Jeb Bladine: Beware risks of muscle memory

Drivers in downtown McMinnville need to leave their muscle memory behind and pay close attention to new traffic patterns and controls.

Citywide transportation bond projects became reality this week with activation of new traffic signals along Fifth Street. However, you can’t just assume that everyone read the memo.

When a mind wanders, controlled intersections become dangerous.

People approach uncontrolled intersections with more care because they don’t know what an approaching driver might do. Stop signs and lights reduce that uncertainty, but they lead to higher-speed crashes when someone blows through a stop.

Two intersections with the greatest potential for memory-muscle mishaps are where Fifth Street intersects Baker and Adams. Local people driving north on Baker or south on Adams have never stopped at Fifth, and it’s just a matter of time before a driver’s muscle memory overrides the tactile image of a new overhead stop light.


Jeb Bladine is president and publisher of the News-Register.

> See his column

If you happen to be driving on Fifth about that time, approaching a green light at Baker or Adams, here’s hoping you are watching that oncoming north-south traffic with a skeptical eye.

Two years ago, writing about a fatal downtown accident, I described a crash I had witnessed at the same intersection 40 years earlier. It was a reminder to me that downtown driving, even at relatively slow speeds, can involve mental mistakes with grim consequences.

Back then I wrote: “There are too many intersections with too many simultaneous distractions: vehicles and pedestrians coming from three directions; adequate vision blocked by parked vehicles; fewer open parking spaces, reducing focus on more important traffic-flow conditions; excess speed by some vehicles; and outright carelessness by some pedestrians.”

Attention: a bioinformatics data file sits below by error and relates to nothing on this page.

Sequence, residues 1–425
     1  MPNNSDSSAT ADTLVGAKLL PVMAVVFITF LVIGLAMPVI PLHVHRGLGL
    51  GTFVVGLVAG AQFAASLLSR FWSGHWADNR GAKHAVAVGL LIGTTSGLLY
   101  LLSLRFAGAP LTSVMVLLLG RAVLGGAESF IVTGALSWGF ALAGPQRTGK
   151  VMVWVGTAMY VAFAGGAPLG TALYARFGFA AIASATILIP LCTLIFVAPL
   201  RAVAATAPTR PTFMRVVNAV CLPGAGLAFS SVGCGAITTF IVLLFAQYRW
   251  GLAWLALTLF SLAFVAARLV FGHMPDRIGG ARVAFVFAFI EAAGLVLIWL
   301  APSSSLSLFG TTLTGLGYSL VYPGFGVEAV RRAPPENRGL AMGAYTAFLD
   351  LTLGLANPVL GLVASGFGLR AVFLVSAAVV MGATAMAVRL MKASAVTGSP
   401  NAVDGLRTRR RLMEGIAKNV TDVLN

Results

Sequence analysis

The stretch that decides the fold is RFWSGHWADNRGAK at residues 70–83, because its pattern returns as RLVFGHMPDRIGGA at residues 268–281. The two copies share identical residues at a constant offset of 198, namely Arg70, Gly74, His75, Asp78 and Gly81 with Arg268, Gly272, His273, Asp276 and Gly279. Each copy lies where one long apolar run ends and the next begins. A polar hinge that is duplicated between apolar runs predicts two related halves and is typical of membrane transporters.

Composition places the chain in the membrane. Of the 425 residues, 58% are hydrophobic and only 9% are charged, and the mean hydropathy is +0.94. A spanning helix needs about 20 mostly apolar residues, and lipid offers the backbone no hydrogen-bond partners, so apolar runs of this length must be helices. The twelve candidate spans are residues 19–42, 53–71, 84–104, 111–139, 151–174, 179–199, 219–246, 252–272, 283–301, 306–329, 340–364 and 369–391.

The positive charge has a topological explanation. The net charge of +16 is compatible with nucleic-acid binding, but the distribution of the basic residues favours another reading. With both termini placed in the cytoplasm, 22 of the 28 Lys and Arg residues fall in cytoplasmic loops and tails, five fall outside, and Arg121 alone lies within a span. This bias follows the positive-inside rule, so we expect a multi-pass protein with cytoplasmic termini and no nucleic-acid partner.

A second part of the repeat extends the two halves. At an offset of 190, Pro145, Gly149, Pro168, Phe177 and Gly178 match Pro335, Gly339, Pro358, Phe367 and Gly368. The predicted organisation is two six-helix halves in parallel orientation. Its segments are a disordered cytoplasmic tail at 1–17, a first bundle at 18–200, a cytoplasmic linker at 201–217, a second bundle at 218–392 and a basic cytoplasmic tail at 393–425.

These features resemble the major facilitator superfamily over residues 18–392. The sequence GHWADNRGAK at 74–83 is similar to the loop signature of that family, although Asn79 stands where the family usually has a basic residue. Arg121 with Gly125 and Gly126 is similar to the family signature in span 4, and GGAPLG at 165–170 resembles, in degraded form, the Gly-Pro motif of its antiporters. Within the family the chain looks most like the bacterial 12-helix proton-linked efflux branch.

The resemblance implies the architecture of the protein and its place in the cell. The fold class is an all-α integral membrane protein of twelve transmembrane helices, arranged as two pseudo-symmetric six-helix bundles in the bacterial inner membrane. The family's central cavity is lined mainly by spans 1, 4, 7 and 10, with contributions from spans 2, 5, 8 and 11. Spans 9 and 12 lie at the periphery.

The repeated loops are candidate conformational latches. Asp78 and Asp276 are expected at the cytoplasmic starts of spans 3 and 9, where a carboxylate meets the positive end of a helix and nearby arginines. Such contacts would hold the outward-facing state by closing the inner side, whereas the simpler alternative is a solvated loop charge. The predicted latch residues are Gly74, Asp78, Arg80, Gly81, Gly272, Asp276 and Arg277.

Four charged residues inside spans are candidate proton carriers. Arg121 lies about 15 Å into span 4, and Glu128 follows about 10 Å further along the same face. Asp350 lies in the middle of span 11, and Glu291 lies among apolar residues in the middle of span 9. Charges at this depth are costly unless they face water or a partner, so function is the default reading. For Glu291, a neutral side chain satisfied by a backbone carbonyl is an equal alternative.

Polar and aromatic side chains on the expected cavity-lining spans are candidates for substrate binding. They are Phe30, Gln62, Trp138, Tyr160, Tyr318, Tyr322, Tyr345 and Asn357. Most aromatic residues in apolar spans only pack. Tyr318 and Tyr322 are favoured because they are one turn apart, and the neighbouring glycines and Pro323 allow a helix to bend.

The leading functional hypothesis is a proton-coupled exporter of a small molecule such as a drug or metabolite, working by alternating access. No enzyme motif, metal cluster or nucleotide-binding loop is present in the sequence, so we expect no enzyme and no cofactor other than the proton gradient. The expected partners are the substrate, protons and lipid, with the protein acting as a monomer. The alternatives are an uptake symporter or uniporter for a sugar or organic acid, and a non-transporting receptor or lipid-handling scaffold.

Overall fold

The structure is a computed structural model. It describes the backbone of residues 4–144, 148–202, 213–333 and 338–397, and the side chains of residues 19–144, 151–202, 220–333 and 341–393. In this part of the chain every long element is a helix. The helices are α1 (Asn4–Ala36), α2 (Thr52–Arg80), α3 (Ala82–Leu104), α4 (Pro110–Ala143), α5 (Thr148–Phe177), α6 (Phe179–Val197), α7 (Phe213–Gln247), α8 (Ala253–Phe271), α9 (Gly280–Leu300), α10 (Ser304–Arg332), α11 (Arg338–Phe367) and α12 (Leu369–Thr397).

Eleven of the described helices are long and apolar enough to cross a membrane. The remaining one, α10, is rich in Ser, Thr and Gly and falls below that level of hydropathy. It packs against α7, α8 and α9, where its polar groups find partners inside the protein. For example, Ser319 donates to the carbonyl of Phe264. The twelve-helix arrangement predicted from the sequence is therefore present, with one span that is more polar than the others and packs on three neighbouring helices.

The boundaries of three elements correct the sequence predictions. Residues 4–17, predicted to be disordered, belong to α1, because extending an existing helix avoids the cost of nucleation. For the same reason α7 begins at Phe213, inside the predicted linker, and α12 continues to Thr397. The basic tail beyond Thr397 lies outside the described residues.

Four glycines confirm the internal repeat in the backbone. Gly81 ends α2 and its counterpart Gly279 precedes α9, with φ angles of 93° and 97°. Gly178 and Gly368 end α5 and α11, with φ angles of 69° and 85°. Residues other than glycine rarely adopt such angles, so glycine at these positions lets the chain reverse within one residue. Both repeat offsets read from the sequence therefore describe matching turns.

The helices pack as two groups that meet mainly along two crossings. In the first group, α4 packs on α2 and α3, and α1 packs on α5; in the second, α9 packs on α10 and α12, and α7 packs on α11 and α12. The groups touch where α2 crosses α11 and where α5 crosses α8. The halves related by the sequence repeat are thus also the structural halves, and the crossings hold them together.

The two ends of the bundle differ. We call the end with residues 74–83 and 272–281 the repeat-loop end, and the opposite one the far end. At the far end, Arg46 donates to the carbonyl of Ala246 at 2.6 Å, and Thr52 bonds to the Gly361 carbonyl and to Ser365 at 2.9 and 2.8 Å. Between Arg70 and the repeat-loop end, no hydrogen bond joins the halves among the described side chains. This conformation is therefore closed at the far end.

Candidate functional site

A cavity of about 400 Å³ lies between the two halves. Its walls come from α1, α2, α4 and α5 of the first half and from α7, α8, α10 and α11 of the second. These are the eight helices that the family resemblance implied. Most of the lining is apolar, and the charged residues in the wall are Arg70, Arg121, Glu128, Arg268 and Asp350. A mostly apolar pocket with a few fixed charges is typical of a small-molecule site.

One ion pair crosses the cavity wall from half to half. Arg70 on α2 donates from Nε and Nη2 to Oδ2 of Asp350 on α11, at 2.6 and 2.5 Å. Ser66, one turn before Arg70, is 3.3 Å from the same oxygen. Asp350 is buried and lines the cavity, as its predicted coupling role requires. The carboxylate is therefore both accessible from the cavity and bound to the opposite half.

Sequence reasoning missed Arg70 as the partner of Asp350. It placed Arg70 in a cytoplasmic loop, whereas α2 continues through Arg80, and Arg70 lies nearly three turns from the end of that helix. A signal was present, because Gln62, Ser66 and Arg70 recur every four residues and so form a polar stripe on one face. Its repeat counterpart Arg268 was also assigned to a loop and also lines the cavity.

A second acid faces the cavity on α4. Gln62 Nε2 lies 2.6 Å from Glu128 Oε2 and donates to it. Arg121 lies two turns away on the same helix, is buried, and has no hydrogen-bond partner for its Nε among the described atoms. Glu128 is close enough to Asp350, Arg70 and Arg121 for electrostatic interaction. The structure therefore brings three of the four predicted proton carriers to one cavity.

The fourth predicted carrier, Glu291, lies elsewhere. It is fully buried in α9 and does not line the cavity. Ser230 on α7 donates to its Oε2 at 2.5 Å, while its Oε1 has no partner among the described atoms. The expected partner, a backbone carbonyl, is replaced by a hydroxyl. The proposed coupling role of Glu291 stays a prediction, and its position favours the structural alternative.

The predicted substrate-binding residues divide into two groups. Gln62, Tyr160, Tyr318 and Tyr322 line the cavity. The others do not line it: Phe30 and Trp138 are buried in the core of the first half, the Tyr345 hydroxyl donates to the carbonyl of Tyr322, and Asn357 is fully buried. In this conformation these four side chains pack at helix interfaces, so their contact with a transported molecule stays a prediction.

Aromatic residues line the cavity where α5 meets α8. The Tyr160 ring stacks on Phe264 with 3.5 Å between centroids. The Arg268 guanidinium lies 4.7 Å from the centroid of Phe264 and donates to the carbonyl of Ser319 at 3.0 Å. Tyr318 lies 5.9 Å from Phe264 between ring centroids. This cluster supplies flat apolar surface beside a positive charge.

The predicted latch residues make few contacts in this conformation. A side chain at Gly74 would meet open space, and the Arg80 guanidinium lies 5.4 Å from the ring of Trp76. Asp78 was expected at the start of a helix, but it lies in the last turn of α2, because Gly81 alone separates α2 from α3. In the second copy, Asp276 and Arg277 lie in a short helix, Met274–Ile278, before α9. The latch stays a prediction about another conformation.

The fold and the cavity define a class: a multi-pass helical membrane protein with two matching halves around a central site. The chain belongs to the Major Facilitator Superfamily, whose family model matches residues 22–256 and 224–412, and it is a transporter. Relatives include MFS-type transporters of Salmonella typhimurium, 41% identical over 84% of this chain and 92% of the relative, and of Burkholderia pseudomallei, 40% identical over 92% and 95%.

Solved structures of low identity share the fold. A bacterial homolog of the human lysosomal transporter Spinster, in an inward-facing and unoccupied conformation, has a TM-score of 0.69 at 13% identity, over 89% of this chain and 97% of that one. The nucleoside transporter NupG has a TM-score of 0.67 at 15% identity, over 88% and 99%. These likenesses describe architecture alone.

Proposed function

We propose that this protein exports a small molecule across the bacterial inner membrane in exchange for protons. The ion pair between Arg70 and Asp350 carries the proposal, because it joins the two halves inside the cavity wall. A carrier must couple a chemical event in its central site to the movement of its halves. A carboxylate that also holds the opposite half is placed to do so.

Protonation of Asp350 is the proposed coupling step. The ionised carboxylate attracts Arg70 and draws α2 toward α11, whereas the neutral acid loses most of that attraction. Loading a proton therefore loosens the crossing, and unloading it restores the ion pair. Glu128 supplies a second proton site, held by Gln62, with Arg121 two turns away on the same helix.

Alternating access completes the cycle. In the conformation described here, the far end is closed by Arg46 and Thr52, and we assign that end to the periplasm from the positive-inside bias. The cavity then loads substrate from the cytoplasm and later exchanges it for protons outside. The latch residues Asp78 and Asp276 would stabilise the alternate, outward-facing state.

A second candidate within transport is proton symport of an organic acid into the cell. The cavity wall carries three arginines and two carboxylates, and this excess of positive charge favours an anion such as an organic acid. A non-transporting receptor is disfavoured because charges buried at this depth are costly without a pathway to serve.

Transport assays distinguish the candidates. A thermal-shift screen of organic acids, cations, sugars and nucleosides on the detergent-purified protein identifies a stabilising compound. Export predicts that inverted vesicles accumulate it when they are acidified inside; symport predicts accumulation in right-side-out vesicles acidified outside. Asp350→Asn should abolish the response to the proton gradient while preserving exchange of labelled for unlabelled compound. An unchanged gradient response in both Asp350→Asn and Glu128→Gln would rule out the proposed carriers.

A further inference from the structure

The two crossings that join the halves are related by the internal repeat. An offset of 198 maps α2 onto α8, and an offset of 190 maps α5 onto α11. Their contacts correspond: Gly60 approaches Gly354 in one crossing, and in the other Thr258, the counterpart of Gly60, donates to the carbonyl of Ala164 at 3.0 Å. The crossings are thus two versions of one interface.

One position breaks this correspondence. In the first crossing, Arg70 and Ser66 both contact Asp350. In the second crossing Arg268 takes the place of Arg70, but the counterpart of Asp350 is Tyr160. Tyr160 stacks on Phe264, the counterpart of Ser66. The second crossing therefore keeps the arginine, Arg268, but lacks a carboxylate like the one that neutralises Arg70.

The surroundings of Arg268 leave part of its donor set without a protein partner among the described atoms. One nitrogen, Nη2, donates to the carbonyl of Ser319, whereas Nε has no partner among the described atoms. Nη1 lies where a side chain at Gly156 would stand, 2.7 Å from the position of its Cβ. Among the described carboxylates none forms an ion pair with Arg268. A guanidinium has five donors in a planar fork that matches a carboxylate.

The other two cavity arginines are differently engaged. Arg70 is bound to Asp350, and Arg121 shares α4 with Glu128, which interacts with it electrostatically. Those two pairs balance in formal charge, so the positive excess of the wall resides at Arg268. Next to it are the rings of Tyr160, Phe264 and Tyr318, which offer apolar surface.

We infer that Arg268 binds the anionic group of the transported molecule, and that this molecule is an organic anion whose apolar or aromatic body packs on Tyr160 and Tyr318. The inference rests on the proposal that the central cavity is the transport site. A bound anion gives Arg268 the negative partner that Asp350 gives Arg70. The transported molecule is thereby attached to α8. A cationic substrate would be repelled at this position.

There are even more distractions today – more cars searching for fewer places to park; more visitors; more pedestrians enjoying local amenities. The Fifth Street project improves traffic flow by creating a bonafide east-west arterial from Adams Street to a new traffic light at Lafayette Avenue, which should relieve congestion on other streets.

More transportation bond projects will improve traffic on Second Street; develop a series of roundabouts on Hill Road; create infrastructure for a new multi-use district along Alpine Avenue; and improve street/sidewalk safety at locations around the city.

It’s all part of a decade-old planning process that soon will have to begin anew to ease future growth. Meanwhile, leave that muscle memory at home, and keep your best defensive driving plans close at hand.

Jeb Bladine can be reached at jbladine@newsregister.com or 503-687-1223.


Don Dix


This whole article 'assumes' there is a muscle to remember!

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